The Cold War was perhaps the most frightening period in American history. Each new day, as millions of Americans set out to reap the benefits of American freedom and prosperity, presented a chance of complete devastation from a nuclear attack. The most significant factor fostering such widespread national fear was the mere inability of knowing when that day would come. Matthew Farnish discusses the implications of this Cold War national mindset in his essay “Disaster and Decentralization: American Cities and the Cold War.” Farnish emphasizes the central realization of American weakness by paraphrasing Bernard Brodie’s beliefs: “The atomic bomb…radically altered the ‘significance of distance between rival powers’, raising ‘to the first order of importance as a factor of power the precise spatial arrangement of industry and population within each country.'” In other words, the centralized and highly populous American cities prevalent during the Cold War were “inviting targets” for a nuclear strike, meaning spatial separation of the population and industry was crucial for survivability after such a strike. If America were to maintain a superior position amidst a nuclear war, it would have to decentralize and disperse its urban centers. Farnish reflects that  various forms of media, through dramatization of nuclear attacks on cities like New York and Washington, fueled the paranoia and facilitated a natural migration from cities to suburbs. Naturally, he claims, suburbs allowed a more natural and secure life, free from the dangers of nuclear devastation. However, Farnish labels cities as both “threatened from above and within,” highlighting that social tension in urban areas likely would hinder efforts of post-attack reconstruction involving different interest groups, such as blacks and whites. The vulnerability of the city as a populated nuclear target and disorganized system elevated decentralization as a key factor of the Cold War civil defense program in maintaining American strength.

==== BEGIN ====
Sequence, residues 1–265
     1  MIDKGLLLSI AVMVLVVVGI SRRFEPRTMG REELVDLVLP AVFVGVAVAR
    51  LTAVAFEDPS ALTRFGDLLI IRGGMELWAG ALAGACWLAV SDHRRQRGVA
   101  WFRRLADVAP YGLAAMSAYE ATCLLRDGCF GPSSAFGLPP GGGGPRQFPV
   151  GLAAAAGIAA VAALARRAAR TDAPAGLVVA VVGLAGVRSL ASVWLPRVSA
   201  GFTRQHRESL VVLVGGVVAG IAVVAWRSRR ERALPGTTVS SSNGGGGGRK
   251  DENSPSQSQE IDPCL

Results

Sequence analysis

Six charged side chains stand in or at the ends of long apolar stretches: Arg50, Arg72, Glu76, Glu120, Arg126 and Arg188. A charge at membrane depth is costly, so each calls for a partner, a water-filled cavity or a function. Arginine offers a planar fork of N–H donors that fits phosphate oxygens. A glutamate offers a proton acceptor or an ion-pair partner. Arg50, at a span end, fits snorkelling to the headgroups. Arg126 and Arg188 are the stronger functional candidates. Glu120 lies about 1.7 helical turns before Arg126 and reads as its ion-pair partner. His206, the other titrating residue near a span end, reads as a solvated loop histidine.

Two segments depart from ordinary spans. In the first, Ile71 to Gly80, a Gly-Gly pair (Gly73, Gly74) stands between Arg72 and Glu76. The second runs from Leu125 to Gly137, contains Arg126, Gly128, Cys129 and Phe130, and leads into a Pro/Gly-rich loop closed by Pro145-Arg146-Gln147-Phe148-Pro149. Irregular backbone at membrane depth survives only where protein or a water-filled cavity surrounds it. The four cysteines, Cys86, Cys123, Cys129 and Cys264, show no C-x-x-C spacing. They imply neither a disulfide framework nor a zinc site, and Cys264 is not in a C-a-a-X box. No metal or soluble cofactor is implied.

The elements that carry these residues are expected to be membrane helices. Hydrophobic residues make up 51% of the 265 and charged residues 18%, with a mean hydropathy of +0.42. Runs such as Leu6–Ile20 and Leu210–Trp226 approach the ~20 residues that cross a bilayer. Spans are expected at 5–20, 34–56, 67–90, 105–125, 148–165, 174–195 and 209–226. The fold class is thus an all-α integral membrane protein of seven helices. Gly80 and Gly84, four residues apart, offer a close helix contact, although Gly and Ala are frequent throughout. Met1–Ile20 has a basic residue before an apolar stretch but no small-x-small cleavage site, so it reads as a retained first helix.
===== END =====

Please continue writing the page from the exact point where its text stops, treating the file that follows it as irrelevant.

Throughout his essay, Farnish also describes the haunting images of Hiroshima and Nagasaki post-nuclear detonation. These images, making their way into the American public, stimulated media responses of images of New York and other profound American cities devastated by nuclear attack that incited fear and anxiety among Americans. Similarly, the image of the Twin Towers burning and falling after the 9/11 attack is etched into the minds of all Americans: an image reminiscent of Cold War fears of atomic attack on a city center. The main difference in this imagery is that an atomic attack never occurred on American soil whereas 9/11 was a reality: American cities truly are vulnerable to fatal attacks. Today, Americans are weary of tall buildings, and we even plan our new skyscrapers with structural supports designed to withstand a plane crash. We are also hesitant, especially in my case, to insert ourselves into large crowds or urban centers in fear of a terrorist attack. This paranoia is supported by the reality of terrorism and illustrated by the burning twin towers, much like the reality of a nuclear attack in the Cold War.

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Cities Under Attack: The Cold War Fear of Urbanization

When people think of the Cold War, the image at the forefront of their minds is often the nuclear bomb. That is because this time period was defined by the possession of nuclear power, along with the fear that America might be attacked. People were deeply worried that America’s large and bustling cities would be the first victims, as Farish notes in “Disaster and decentralization: American cities and the Cold War.”  He states that “a city was, as Bernard Brodie put it, ‘a made-to- order target, and the degree of urbanization of a country furnishes a rough index of its relative vulnerability to the atomic bomb.’” This quote speaks to the rest of Farish’s study, in which he observes cities, with their concentrated populations and hubs of activity, were particularly susceptible to nuclear attack because hitting a city would cause maximum damage. This, then, is part of the reason so many people sought refuge in the suburbs; the quiet inconspicuousness of suburban life made one far less likely to be attacked.

Farish also describes the sensationalization of the bombing of Hiroshima and how that might take place in the United States in the media: the city is booming in one moment, completely demolished in the next. The ruin described in these accounts came to fruition in a sense when the attacks of 9/11 sent New York City, a symbol of capitalism and economic success in America, into a state of devastation and disarray. Though New York was not destroyed by nuclear power, its situation as a highly populated city meant that thousands of lives were either lost or grievously affected, and severe damage occurred due to the assault.